What if I am unable to manage my affairs?
There may come a time in your life when you are unable
to manage your financial affairs or personal welfare,
owing to some form of incapacity and you will need someone
to act on your behalf.
Even when we are young, we can find ourselves incapacitated
owing to illness or injury and it can be invaluable having
a reliable person, who is able to manage your personal
affairs and remove the anxiety of having unpaid bills,
at a time when you most need peace of mind.
Similarly as we get older, the need for an attorney
increases as we are more prone to illness and injuries.
By creating an Attorney in
advance ensures that if the worst were to happen, you
can rest assured that both your financial affairs and
personal welfare are in safe hands.
So Who Do I Choose?
You can appoint a friend, relative, or a professional
as your Attorney which allows them to act on your behalf.
It is important that you choose who you would like to
act on your behalf very carefully. You should choose
people you can trust to act in your best interests, giving
consideration to how they manage their own affairs.
It is always a good idea to appoint more than one Attorney
to ensure that this power is not abused.
The Different Types of Powers of Attorney
You may have heard of an Enduring Power of Attorney (EPA)
and be aware that this was replaced in October 2007.
(EPAs set up prior to 1st October 2007 remain valid,
however, it should be noted that if the Donor is believed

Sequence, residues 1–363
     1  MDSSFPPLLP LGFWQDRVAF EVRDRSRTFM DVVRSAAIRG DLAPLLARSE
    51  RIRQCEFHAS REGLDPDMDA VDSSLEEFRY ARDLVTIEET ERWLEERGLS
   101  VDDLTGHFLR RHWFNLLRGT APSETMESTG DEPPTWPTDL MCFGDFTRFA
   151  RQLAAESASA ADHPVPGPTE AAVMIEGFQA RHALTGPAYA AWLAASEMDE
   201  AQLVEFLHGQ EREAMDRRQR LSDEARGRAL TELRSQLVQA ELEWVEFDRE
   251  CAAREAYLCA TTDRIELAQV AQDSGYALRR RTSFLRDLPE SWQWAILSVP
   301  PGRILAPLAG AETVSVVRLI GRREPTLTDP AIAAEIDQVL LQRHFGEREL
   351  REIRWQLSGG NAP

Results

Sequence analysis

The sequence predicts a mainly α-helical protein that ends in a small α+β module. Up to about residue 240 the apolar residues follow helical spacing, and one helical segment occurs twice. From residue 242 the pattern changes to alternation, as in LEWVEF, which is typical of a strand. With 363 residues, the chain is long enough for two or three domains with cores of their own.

to be becoming, or is mentally incapable of managing
their affairs then the Attorney(s) have a duty to register
the EPA with the Court of Protection).
It cannot be simply assumed that the Donor has lost mental
capacity and Attorneys must follow the principles of
The Mental Capacity Act 2005. Copies of the Code can
be obtained from Her Majesty’s Stationary Office.
If you hold an Enduring Power of Attorney and still have
mental capacity and are able to make decisions for yourself
(ie.the EPA is unregistered) you can make a Personal
Welfare LPA to run in conjunction with the EPA.
So, What has Replaced Enduring Powers of Attorney?
These have been replaced with three different documents:
- A Lasting Power of Attorney (LPA) for Property and
- A Lasting Power of Attorney (LPA) for Personal Welfare
- A General Power of Attorney
Please note these Powers are only applicable to England
LPA for Property and Affairs
A Lasting Power of Attorney for Property and Affairs
gives authority to the appointed Attorney to handle property
and financial matters for the Donor.
The powers extend to all matters concerning the Donor's
finances: this could include selling property belonging
to the Donor, (including the Donors home), buying property
in the Donor's name, managing bank accounts and investments,
continue to run their business and make decisions about
the Donor's healthcare and payment for this care.
LPA for Personal Welfare
A Lasting Power of Attorney for personal Welfare
covers decisions relating to your social and healthcare
needs which can include where the Donor lives, how they
are cared for and what healthcare they receive, for example